November 9, 2016

President Barack Obama stressed the importance of a peaceful transition of power during a speech in the White House Rose Garden on Wednesday. "It is no secret that the president-elect and I have some pretty significant differences," Obama said, while vowing his administration would do everything possible to ensure the transition to a Trump government goes smoothly.

Obama also praised Hillary Clinton for her hard-fought campaign, telling her supporters that democracy "isn't always inspiring … but you have to stay encouraged."

"Everybody is sad when their side loses the election," Obama explained. "But the day after, we have to remember we're all on the same team. This is an intramural scrimmage … We all want what's best for this country." Jeva Lange

7:55 a.m. ET
Getty Images/Alberto E. Rodriguez

Following months of speculation over how Roseanne Barr's character would be written out of the upcoming Roseanne spinoff The Conners, the comedian just casually spoiled it.

During a recent appearance on the YouTube talk show Walk Away, Barr, who was fired from ABC over a racist tweet in May, said that her character dies of an opioid overdose in The Conners, the new series that's almost exactly the same show as Roseanne but without Barr's involvement. Barr added that she's not happy with her character's fate. "It's so cynical and horrible," she said, per Deadline. "She should have died as a hero or not at all."

Some fans had already guessed this was coming, as the last season of Roseanne involved the title character being addicted to painkillers, which she takes to deal with a knee injury. By the end of the season, she is preparing to undergo surgery, so presumably, that surgery, and the subsequent overdose, will happen off-screen between Roseanne and The Conners.

Barr also suggested that killing off her character like this is an "insult" to "the people who loved that family and that show." The Conners will premiere on Oct. 16 on ABC. Brendan Morrow

6:31 a.m. ET

South Korean President Moon Jae-in arrived in Pyongyang on Tuesday for a three-day summit with North Korean leader Kim Jong Un, their third meeting since a historic summit in April. After an elaborate welcome ceremony at the airport and a ride through Pyongyang in an open-air limousine, the two leaders began official talks Tuesday afternoon. Kim told Moon he hoped the talks would produce a "bigger outcome at a faster pace" than the previous summits and Moon said it was "time to bear fruit." This is the first visit to Pyongyang for a South Korean president in at least a decade.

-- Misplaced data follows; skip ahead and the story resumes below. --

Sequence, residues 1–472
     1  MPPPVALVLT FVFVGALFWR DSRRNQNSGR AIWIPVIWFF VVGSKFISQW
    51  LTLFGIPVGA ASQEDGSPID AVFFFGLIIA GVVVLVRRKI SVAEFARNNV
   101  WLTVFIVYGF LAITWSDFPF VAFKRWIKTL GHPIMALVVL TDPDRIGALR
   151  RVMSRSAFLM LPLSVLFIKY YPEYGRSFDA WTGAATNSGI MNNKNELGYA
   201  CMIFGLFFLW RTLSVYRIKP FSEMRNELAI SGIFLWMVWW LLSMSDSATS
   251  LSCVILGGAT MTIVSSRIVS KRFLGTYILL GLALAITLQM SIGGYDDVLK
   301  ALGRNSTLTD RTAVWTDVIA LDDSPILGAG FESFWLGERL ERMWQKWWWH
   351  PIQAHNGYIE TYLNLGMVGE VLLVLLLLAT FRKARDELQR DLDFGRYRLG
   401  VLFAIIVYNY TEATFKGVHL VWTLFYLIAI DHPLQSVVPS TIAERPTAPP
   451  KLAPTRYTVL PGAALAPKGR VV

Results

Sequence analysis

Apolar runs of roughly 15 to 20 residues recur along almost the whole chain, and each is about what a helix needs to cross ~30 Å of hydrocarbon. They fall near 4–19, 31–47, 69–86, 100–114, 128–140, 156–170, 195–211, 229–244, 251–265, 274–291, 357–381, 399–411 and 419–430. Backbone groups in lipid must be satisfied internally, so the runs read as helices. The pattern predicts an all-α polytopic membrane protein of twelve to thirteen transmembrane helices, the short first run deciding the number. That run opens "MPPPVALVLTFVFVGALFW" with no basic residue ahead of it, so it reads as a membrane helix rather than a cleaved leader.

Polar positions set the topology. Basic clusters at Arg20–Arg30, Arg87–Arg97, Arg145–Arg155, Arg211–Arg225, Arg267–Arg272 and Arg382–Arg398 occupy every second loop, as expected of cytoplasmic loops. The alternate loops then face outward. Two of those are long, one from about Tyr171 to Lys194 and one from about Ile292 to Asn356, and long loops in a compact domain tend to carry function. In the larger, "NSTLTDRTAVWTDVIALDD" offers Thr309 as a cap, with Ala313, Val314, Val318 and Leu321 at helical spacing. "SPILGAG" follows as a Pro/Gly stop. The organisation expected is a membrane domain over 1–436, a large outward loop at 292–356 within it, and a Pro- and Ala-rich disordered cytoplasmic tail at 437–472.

The talks are expected to focus on reducing military tensions and increasing economic cooperation on the Korean Peninsula and furthering nuclear diplomacy as denuclearization talks have stalled between North Korea and the U.S. over lack of agreement on details and timing.

"When the two Korean leaders met for the first time back in April, the simple fact that they were meeting was itself a major step," but "this time, Mr. Moon has to make real progress in persuading the North Koreans to make concrete steps to denuclearize," says BBC Seoul correspondent Laura Bicker. "Otherwise, the flurry of inter-Korean summits and the much-hyped Singapore meeting between Mr. Kim and President Trump this year will be seen as glossy photo ops, and the U.S. leader may begin to lose patience."

Top executives from South Korean business conglomerates, or chaebols, including Samsung, LG, Hyundai, and SK Group traveled to Pyongyang with Moon and they will meet with North Korea's deputy prime minister to focus on economic ties. South Korean officials said they don't expect any economic breakthroughs given the sanctions on North Korean. Peter Weber

5:23 a.m. ET
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Russia said Syrian antiaircraft missiles shot down a Russian Il-20 military reconnaissance plane early Tuesday as it was preparing to land at Khmeimim air base on Syria's Mediterranean coast. Russia blamed Israel for the friendly fire incident, which killed all 15 Russian service members on board, and threatened to retaliate with an "appropriate response."

Israel was conducting airstrikes on Syrian targets, and "the Israeli pilots were using the Russian aircraft as a shield and pushed it into the line of fire of the Syrian defense," Russian Defense Ministry spokesman Maj. Gen. Igor Konashenkov said in a statement. "We view the actions of the Israeli military as hostile." Konashenkov said a recovery operation is underway in the Mediterranean, where the plane went down.

Russia, an ally of Syrian President Bashar al-Assad, and Israel maintain a special hotline to prevent their aircraft from clashing over Syria, but Russia said Israel did not warn it of this attack until one minute before the strike, preventing Russian aircraft from getting out of the way in time. Israel, which typically does not claim responsibility for its strikes on Syria, said it does not respond to "foreign reports." Peter Weber

4:32 a.m. ET

After John Oliver's Last Week Tonight won its third consecutive Emmy for best variety talk series on Monday night, Oliver fielded a few questions from the press. The first question, from an Australian reporter, was about Russell Crowe's Cinderella Man jockstrap, which Oliver paid $7,000 for in a bid to keep a Blockbuster video store in Alaska from going under. "I had a close, personal experience with Russell Crowe's jockstrap, the kind of experience that you don't go into life desiring and you end life regretting," he joked.